Youth Challenge Academy graduates more than 200 cadets

Youth Challenge Academy graduates Austin Frost (left) and Andrew Hammock (right), both 17, hug Sgt. Hurley Perry just before the graduation ceremony at James Brown Arena. The cadets were among 214 who completed the program.

The only limitations facing graduates of Fort Gordon’s Youth Challenge Academy are the ones they place on themselves.


“You can be anything you put your mind to. Your limitations are always in your mind,” Mike Sleeper, the vice chairman of the Columbia County Board of Education, said as he addressed 214 graduates Saturday at James Brown Arena.

Cadets in the Youth Chall­enge Academy are high school dropouts between ages 16 and 18. The 17-month program “helps young people earn their GED, enroll in college, enter the workforce or join the military,” according to a news release.

Graduating cadets were awarded more than $20,000 in college scholarships. Among the awards was a new one given in memory of Tyler Gillis, who graduated from the program in 2011 and was killed in a car accident in November.

“He came to get an education, but he got so much more,” said his father, Danny Gillis, in presenting the award to Joshua Trutt.

Kianna Dhanraj was named the Distinguished Challenge Graduate and received a $2,500 scholarship from Georgia Power.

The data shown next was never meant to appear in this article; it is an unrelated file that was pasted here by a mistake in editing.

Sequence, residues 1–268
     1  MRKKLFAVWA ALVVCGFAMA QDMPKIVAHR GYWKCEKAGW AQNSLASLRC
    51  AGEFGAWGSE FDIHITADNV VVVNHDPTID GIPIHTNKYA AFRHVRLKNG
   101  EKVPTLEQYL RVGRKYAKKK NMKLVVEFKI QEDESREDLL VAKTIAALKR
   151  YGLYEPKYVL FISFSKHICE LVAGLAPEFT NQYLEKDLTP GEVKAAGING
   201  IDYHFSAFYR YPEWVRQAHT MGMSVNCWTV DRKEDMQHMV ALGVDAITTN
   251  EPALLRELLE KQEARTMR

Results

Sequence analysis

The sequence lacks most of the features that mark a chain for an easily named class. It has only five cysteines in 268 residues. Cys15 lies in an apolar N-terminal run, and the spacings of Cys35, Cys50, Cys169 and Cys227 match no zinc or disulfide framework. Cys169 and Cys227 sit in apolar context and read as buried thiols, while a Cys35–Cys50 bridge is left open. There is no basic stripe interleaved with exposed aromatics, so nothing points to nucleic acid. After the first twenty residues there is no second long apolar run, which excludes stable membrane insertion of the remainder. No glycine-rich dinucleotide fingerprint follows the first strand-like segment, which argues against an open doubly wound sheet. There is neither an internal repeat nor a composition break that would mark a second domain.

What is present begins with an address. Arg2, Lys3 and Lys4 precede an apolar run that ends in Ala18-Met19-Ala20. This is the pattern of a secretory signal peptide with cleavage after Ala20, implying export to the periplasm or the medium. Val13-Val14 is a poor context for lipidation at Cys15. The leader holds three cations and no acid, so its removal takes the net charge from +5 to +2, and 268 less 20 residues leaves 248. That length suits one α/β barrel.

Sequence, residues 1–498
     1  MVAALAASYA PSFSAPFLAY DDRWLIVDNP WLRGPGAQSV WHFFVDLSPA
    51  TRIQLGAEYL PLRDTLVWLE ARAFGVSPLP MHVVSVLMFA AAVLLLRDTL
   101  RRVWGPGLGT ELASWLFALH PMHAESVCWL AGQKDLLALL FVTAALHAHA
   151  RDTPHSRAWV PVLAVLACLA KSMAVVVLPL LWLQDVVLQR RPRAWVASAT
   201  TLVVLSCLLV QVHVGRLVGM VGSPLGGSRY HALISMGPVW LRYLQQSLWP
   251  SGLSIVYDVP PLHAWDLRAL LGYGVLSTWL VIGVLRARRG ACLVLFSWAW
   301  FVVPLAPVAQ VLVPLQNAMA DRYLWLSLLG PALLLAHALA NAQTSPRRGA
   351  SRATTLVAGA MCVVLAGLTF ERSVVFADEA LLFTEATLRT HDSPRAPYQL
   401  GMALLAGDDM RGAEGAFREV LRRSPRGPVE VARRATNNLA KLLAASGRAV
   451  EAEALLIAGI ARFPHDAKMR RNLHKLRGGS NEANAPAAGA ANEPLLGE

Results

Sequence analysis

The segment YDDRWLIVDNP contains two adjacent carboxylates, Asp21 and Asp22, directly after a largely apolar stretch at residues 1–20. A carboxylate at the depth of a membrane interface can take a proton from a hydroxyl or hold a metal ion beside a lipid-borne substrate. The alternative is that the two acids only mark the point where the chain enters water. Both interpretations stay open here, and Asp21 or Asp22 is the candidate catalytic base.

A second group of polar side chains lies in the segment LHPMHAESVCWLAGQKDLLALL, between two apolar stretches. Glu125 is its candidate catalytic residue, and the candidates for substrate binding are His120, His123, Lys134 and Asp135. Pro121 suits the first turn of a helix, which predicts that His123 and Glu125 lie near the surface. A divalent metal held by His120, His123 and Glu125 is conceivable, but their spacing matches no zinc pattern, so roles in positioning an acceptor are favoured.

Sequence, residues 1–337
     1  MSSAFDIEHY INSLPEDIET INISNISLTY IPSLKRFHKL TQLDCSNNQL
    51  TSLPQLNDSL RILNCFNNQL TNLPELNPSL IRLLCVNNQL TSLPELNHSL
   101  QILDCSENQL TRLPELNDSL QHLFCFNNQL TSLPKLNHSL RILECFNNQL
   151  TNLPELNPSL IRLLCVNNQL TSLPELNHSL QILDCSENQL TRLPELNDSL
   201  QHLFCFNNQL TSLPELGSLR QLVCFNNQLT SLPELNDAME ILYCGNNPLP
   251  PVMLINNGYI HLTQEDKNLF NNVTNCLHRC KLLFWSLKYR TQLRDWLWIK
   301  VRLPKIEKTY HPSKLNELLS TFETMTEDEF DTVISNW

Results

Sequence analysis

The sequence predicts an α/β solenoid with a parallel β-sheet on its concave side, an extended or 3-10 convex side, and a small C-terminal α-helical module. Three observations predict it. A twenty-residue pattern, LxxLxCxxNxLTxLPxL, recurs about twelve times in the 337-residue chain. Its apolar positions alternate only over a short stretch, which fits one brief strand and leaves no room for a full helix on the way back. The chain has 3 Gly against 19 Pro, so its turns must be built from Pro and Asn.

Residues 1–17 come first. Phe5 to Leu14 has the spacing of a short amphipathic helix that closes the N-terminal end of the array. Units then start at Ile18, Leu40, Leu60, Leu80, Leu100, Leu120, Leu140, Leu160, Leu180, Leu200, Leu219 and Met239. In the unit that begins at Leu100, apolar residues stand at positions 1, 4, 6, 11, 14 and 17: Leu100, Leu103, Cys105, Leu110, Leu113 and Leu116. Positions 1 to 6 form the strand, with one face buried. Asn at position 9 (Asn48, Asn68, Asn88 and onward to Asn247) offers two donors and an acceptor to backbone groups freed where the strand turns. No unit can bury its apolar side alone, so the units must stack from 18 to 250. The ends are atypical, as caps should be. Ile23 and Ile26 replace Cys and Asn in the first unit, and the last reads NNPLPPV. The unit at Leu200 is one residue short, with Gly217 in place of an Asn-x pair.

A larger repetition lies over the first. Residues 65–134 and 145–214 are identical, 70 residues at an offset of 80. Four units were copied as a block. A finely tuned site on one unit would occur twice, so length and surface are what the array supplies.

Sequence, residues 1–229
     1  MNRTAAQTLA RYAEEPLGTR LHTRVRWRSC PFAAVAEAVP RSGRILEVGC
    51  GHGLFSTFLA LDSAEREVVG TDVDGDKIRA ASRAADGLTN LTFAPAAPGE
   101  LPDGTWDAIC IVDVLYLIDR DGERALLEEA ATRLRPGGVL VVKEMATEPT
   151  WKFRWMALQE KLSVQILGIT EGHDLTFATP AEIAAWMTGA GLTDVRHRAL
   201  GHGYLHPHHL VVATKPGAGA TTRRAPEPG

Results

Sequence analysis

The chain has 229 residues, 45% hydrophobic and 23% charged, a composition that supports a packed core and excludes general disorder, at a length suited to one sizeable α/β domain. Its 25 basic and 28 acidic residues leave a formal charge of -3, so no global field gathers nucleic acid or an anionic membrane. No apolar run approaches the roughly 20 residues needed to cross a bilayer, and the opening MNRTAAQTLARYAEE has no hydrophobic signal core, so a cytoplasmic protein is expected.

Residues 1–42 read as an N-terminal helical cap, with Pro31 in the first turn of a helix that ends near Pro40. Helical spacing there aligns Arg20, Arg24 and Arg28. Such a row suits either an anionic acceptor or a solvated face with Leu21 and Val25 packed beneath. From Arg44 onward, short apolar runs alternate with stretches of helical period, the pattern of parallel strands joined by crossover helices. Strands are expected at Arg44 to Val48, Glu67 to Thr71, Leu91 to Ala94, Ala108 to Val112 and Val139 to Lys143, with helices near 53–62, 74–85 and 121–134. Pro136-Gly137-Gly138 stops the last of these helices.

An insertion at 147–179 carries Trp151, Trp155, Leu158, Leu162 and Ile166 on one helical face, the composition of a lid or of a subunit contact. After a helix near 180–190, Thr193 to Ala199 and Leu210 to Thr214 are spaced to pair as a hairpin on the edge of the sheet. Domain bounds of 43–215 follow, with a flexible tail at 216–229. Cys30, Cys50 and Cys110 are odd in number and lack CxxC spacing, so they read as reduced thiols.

Sleeper told graduates that he placed many limitations on himself when he was younger. He was raised by a single mother and received public assistance. At Evans High School, he spent so much time in detention he thought there should have been a plaque in the room with his name on it.

After graduating high school, he joined the Army and served with the 1st Battalion, 75th Ranger Regiment. Many times, he wondered whether he was doing the right thing.

“I put limits in my mind,” he said. “I did it and got through it.”

At one point, he injured his knee during an airplane jump and spent a few months out of commission. It was a little too long for his sergeant, who came to Sleeper one day and told him he was going to take a physical fitness test. If he didn’t pass, Sleeper would be out of the program.

“I just made it through in time,” he said. Afterward, he went to the sergeant, who said, “I knew all along you could do it. You needed to know you could do it.”

Sleeper graduated from Au­gus­ta State University, then took graduate classes at the University of Georgia in artificial intelligence. He works as a computer security engineer at the Savannah River Site.

SPOTTED: Graduation ceremony
SPOTTED: Awards ceremony